Watch out for this W-2 phishing scam targeting the 2021 tax season
Tax Scam: With the United State tax season in high gear, threat actors have sprung into action with a recent tax document phishing scam that abuses TypeForm forms to steal your login credentials.
TypeForm is a website that allows you to create compelling and intricate forms that are used to collect legitimate information, conduct surveys, or even create quizzes that you can embed on a site.
As with all good things, threat actors are known to abuse TypeForm to create convincing login forms used as part of their phishing scams.
In a new report by email security firm ArmorBlox, researchers outline one such phishing scam that aims to take advantage of the 2021 tax season by pretending to be a W-2 tax document shared via Microsoft OneDrive.
The scam starts with users receiving an email pretending to be from OneDrive where a file named ‘2020_TaxReturn&W2.pdf ‘ is shared with the user.
In the past, companies always sent US tax documents via postal mail but have more recently started to move towards digital delivery of tax documents, such as 1099 and W-2 forms. While the above email does not stand up to scrutiny, for someone who is overwhelmed, receiving a tax form via email would not necessarily trigger suspicion and could lead them to mistakenly clicking on the embedded link.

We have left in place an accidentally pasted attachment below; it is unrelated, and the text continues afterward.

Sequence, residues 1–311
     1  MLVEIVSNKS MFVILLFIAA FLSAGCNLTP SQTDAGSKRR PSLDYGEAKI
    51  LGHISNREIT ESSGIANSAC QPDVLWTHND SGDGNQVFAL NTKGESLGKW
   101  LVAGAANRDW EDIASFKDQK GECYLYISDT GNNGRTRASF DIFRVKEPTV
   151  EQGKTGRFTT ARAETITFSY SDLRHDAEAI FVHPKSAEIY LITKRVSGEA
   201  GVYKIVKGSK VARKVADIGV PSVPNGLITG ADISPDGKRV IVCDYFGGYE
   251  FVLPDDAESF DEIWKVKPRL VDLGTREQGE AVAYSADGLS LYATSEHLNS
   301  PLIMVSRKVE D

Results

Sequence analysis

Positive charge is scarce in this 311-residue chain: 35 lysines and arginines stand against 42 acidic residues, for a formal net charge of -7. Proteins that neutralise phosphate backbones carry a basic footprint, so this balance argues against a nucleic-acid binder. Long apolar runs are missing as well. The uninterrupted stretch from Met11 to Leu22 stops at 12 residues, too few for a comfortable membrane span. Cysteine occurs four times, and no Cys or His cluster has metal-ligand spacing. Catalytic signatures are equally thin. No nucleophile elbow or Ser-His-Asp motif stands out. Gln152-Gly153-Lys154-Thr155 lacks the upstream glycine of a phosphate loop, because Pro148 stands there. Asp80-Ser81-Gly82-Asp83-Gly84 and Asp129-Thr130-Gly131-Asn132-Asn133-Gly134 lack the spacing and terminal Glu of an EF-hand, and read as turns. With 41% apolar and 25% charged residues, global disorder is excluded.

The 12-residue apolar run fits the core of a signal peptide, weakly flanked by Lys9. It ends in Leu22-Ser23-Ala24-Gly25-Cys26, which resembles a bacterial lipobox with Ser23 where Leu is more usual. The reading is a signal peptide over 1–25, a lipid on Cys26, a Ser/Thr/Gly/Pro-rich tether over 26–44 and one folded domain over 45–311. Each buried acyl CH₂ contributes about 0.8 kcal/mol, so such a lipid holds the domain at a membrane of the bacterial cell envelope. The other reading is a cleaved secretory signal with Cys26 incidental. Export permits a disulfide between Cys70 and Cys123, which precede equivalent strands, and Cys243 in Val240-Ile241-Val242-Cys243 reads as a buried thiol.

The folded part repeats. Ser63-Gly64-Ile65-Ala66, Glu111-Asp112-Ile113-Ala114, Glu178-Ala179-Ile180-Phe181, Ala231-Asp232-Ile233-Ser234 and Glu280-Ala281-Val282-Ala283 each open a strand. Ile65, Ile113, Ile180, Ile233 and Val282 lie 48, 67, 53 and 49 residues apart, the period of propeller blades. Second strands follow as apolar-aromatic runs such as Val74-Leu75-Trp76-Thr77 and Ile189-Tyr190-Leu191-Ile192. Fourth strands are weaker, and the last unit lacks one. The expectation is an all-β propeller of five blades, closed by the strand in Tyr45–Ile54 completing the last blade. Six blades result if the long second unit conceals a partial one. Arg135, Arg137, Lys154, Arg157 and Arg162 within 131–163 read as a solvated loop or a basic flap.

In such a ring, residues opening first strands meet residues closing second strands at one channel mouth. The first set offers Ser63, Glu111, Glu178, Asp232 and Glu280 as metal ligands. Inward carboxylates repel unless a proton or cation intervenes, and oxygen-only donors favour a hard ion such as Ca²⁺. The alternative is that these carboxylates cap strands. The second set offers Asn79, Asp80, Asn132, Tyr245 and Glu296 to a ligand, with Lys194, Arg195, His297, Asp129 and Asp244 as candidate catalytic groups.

When a recipient clicks on the link to retrieve the document, they are brought to a TypeForm form that includes a blurred out 2020 W-2 tax document pretending to be secured by the Adobe Secure Document service.
This form, shown below, will request that the visitor enter their email address and password to log in and retrieve the W-2 document.
When entering their credentials, the form will repeatedly state that the credentials are incorrect until it ultimately displays a message saying the service was “Unable to verify your identity.”
ArmorBlox researchers believe that these repeated failed login messages are simply a cover for the threat actors trying to capture as many credentials as they can while the recipient tries various user name and password combinations.
“It’s likely that the error messages could be a smokescreen for the attackers to gather as many account ID and password combinations as unsuspecting victims are willing to enter in an attempt to brute-force their way to gain access to the W2. In reality, there is no W2 pot of gold at the end of this malicious rainbow,” ArmorBlox explains in their report.
Microsoft Forms is also heavily abused, which has led Microsoft to proactively warn IT admins when they detect phishing campaigns abusing Microsoft Forms in their Active Directory tenants.
To prevent falling for these types of scams, it is always important to take a minute to scrutinize unexpected emails, especially those containing links to shared documents or that prompt you to log in to a service.
Usually, there are tells that allow you to spot that something is not right, which could be senders using free email services, spelling errors, bad grammar, or just strange requests from the recipient.
Read the original article over at BleepingComputer.com.